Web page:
The Sharp End Of The Needle: Dealing with Diabetes, Dialysis, Transplant & The Medical Field

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Available in Paperback and Hardback 

230 pages with photos

Gabriel of Urantia asked the question, in the beginning of his struggle with dialysis, "God, why is this happening to me?"

Throughout his 8-month dialysis experience, 3 days a week, 4 hours a day, being tied down to a chair while his blood flowed from his body through a machine and back, he realizes—from the people he meets also on dialysis and in the hospitals after post-kidney-transplant—that very bad things happen to very good people.

He met young and old alike, tied down to the machines just like he was, and the young people were the hardest for him to resolve in his mind with God and also to try to give them hope.

As a human-rights minister, he felt obligated to do so. Being a Pastor of a church (Global Community Communications Alliance—a very social, environmental, and spiritual activist church), he knew that bad things happened to good people who try to change the world.

But this disease is personal, between him and God you might say. So he had to discover for himself why God allowed this to happen to him and to the other very good people he met with various traumatic illnesses in the hospitals and dialysis centers.

Gabriel of Urantia tries to explain how he felt along the path, from the beginning to the receiving of his new kidney from his 22-year-old daughter DeleVan and gaining the hope and health to continue not only his spiritual work, but his work as a musician, guitar player, and singer (in which he was planning a tour around the country with his 11-piece Bright & Morning Star Band), while now taking immunosuppressant drugs to keep him alive.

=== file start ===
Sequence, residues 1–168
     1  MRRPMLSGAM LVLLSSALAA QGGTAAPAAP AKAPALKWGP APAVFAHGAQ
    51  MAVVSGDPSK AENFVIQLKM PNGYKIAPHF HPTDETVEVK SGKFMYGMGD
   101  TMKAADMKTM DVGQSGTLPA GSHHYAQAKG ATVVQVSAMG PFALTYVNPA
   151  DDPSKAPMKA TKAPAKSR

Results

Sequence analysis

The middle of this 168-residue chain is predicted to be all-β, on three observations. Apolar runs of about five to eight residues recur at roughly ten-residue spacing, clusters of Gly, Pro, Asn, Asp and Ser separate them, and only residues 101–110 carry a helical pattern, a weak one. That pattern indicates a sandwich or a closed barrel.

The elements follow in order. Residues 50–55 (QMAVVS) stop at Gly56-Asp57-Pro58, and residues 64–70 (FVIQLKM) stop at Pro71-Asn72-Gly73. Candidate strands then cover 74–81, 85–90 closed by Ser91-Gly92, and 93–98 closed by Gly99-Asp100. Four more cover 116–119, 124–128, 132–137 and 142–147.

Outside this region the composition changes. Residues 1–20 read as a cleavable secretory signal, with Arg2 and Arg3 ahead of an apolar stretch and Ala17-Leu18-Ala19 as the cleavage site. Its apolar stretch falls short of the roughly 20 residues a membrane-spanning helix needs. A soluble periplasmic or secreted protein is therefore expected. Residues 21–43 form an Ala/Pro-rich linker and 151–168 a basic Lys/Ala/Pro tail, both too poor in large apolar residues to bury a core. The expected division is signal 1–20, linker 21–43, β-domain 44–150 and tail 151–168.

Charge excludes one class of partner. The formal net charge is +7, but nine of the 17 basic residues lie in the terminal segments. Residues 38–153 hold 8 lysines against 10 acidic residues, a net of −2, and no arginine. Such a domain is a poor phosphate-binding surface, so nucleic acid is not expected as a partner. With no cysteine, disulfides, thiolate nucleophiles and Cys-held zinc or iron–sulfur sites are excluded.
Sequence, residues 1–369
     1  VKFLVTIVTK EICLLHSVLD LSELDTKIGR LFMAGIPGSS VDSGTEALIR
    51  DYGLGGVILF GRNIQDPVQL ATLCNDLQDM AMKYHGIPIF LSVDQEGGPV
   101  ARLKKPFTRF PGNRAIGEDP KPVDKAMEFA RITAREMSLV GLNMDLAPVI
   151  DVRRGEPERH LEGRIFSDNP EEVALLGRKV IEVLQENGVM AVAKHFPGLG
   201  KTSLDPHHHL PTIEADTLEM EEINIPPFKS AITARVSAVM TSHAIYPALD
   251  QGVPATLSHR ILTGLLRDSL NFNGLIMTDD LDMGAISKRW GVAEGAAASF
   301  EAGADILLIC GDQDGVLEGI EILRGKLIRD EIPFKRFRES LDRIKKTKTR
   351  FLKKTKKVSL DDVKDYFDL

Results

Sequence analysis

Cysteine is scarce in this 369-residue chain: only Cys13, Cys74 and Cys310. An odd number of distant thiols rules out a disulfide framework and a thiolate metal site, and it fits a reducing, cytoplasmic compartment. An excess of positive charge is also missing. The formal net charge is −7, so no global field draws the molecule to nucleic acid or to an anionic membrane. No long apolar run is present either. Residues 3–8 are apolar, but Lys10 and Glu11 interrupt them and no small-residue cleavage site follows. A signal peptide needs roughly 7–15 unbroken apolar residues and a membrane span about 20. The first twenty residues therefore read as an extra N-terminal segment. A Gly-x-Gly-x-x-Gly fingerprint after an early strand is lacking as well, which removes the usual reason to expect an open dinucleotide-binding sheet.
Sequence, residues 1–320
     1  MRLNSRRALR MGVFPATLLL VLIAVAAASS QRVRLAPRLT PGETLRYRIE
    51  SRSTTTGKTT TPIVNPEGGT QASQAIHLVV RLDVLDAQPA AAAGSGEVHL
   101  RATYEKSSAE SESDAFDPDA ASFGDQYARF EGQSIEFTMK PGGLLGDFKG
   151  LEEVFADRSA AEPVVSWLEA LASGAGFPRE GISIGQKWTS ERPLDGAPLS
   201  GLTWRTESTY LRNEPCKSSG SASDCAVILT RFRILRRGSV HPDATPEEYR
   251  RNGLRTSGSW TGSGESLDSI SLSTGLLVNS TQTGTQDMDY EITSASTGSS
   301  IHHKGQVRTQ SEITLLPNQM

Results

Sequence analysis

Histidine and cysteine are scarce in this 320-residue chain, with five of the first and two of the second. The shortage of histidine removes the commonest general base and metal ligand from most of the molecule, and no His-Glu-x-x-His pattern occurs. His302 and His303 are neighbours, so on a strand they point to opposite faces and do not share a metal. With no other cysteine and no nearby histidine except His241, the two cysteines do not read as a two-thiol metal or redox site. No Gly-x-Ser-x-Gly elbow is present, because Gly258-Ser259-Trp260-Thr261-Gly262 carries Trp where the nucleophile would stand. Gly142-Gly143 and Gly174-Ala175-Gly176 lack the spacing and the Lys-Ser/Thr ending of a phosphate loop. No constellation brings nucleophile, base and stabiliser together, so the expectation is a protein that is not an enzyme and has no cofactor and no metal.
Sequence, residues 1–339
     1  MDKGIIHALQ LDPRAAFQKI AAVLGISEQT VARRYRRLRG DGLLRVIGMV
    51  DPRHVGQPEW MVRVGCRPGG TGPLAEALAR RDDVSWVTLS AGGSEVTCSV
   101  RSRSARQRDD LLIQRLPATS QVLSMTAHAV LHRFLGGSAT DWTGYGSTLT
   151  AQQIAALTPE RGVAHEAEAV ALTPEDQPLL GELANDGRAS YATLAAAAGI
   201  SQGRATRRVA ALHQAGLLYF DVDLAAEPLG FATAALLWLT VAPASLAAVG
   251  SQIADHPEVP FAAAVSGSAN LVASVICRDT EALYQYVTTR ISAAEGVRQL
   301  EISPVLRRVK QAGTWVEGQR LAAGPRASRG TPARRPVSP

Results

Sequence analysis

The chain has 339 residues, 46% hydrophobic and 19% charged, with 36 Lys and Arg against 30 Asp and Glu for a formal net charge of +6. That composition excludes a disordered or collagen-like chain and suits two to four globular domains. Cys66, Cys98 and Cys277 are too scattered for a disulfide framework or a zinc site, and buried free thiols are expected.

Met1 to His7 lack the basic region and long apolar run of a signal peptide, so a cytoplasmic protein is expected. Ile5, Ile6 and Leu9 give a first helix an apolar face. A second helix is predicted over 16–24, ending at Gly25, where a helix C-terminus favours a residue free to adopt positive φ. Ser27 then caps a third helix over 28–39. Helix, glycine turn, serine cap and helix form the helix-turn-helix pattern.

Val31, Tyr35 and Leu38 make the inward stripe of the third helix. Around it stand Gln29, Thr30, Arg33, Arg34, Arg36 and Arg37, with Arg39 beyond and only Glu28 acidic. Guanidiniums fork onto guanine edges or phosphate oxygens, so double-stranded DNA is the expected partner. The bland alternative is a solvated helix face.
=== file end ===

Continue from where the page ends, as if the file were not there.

He had all the fears that a new transplant patient has. How long will the kidney last? What other affects do these drugs have on my body?

He writes about his experience with the medical world, the services he experienced from both very qualified people and those not so qualified (experienced and inexperienced care givers), as well as the bureaucracy of the medical field and insurance companies (both private and governmental).

He realized that often in the medical field, the right hand didn't know what the left hand was doing and the patient suffered the results.

Beyond that, Gabriel of Urantia tries to give hope to people with life-threatening illnesses by sharing his faith in the Creator to all who may read his book.

A must-read for anyone on dialysis or with any life-threatening illness, from a writer who went through this and can identify with what they are going through and give them hope through this trauma in their lives.